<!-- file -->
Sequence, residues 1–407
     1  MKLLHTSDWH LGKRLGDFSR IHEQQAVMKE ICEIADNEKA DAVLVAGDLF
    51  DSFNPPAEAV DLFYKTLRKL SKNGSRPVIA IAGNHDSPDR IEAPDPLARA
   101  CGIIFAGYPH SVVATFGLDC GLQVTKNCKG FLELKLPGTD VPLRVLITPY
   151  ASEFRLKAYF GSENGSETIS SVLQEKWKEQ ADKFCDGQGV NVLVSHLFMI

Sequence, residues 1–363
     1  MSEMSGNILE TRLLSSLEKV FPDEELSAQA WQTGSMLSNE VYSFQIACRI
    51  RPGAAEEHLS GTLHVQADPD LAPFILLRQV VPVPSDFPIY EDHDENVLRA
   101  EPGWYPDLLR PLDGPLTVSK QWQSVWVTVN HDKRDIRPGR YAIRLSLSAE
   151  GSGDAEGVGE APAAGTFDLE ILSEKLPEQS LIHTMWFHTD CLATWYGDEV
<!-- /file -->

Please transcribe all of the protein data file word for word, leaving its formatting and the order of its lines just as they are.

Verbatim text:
Sequence, residues 1–407
     1  MKLLHTSDWH LGKRLGDFSR IHEQQAVMKE ICEIADNEKA DAVLVAGDLF
    51  DSFNPPAEAV DLFYKTLRKL SKNGSRPVIA IAGNHDSPDR IEAPDPLARA
   101  CGIIFAGYPH SVVATFGLDC GLQVTKNCKG FLELKLPGTD VPLRVLITPY
   151  ASEFRLKAYF GSENGSETIS SVLQEKWKEQ ADKFCDGQGV NVLVSHLFMI

Sequence, residues 1–363
     1  MSEMSGNILE TRLLSSLEKV FPDEELSAQA WQTGSMLSNE VYSFQIACRI
    51  RPGAAEEHLS GTLHVQADPD LAPFILLRQV VPVPSDFPIY EDHDENVLRA
   101  EPGWYPDLLR PLDGPLTVSK QWQSVWVTVN HDKRDIRPGR YAIRLSLSAE
   151  GSGDAEGVGE APAAGTFDLE ILSEKLPEQS LIHTMWFHTD CLATWYGDEV